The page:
SMITH:"I've never known anybody that's lying or faking or anything. Certainly guys want to help the team, and I don't think anybody is going to be out there if they don't think they can do that. And I think the other 10 guys in the huddle would even say something if they saw otherwise. So I've never known that. I think guys want to go out there, they want to be accountable, they want to help their team. But whatever it may be, if you can't get it done, you don't want to be out there because you don't want to let your teammates down."



Q:** When you're a gunner on those punts you've got to keep aware of where the return man is. How did the Rams fake Seattle out like that?

GAINES:"The gunners just didn't find the ball. That's something that the coaches are preaching that once the ball is in the air, you have to locate it, that way you can make a play on it. The gunners unfortunately just followed Tavon Austin and that's how that happened."

Q: I know you're never satisfied, but were you happy with your first NFL game on defense in San Diego?

GAINES:"It was good, there was definitely mistakes that I made as well. But you look at film, try to clean it up and just try to get better."

Q: What could you have done better?

GAINES:"Just playing with my look a little more, showing off coming down, don't set the defense before the line gets out. Just little things like that. Keeping my leverage and everything, there's always something you can work on."



Q:** You started the year missing two field goals. What was going through your head before this last one at San Diego?

SANTOS:"I found myself a lot of times out of my routine because it was kind of new to me being the starter and this is a regular season. I just found myself rushing everything and running the field too fast. To that point on, I started to take my time. I talked to a lot of vets out there. They helped me establish a better routine because we do have a play clock of 40 seconds, so there's no need to start to kick the ball when there's 17 seconds on the clock. Take your time, feel the wind. I've been doing that and it's been working. I feel a lot more relaxed and more comfortable."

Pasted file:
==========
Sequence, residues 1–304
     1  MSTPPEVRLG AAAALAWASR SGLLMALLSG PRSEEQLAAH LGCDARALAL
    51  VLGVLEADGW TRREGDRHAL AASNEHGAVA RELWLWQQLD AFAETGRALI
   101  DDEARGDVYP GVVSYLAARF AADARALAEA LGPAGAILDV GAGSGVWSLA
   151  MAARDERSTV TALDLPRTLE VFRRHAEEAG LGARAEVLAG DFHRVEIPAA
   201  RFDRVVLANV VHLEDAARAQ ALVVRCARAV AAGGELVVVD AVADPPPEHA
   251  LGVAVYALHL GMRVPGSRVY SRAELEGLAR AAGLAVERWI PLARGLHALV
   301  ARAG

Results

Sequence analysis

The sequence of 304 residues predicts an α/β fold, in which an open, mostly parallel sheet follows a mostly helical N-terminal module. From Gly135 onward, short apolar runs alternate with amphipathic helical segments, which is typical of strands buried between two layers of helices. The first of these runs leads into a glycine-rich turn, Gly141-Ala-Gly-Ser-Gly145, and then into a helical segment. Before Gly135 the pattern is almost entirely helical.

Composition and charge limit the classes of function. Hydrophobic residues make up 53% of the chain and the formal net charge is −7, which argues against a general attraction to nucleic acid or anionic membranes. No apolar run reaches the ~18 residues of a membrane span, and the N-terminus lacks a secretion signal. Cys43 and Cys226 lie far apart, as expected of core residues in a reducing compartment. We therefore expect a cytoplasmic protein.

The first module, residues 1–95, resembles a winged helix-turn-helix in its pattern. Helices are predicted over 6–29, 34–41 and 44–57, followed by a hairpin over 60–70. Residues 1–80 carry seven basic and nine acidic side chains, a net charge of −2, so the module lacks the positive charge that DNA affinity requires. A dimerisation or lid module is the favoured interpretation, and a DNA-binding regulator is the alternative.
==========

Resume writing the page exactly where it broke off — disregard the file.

Q: You said you talked to a bunch of vets. Who did you talk to?

SANTOS: I talked to Robbie Gould. He called me out of nowhere and was really nice. He's a great guy and just shared his experiences of his rookie year. I talked to my friend Caleb Sturgis. He's young; he went through that last year. Steve Gostkowski, guys that we've played against. I try to pick their brain a little bit just to understand what they think about. At the end of the day, you've just got to trust your swing and kick with confidence."

Q: Dustin (Colquitt) told me he told you about (Ryan) Succop a few years ago.  He started off rough too, and then went on a great run. Did that kind of put things in perspective for you?

SANTOS: "Right after the first game and Ryan had a great game and I missed a 48-yarder that game, he came to me and said 'I started, one year I started 1-4 , I believe, and then he ended up making 20 kicks in a row.' Kicking is sometimes a roller coaster. We just can't run away from the fact that there's going to be ups and downs. It's about being mentally strong and always thinking about the next kick. If you miss one, it's the next kick. If you make one, you've got to still (make the next one) nd nothing that I did in San Diego is going to help us beat the Rams. I've just got to go in there and make the next kick."



Q:** Did you encourage Cairo Santos at all after the rough start he had?

COLQUITT:"Yeah, absolutely. Sometimes you have rough starts to seasons. I know a couple years ago, Ryan (Succop) started two of five, then he went and hit 22 straight field goals. I actually told him that exact story because that goes to show you he went from almost getting released or cut or trying to go in a different direction to the most field goals in a row in Chiefs history. So sometimes, it takes a while to get going. I know my rookie year, 89 or 90 percent of my punts were inside the 20 because Trent Green and those guys were putting up 4,500 yards of offense a year, so I didn't have an opportunity to let loose. So my gross was low, my net was low just because of situations I was put in. And so I told Cairo, his cream is going to rise to the top. He's got a great leg, good head on his shoulder. And then he drained that field goal in San Diego."

Q: How big of a confidence boost was that for him do you think?

COLQUITT:"It's huge. He's had an opportunity to go on a roll here. He's hit six straight field goals so that was huge. Anytime you go to San Diego, this time a year, the wind is starting to pick up, the seasons are changing out there too. So it was cool, he drilled the kick and we were really excited for him. It's confidence for everybody because we know, 'hey, we get to the 35, 36 yard line, we can count on points.'"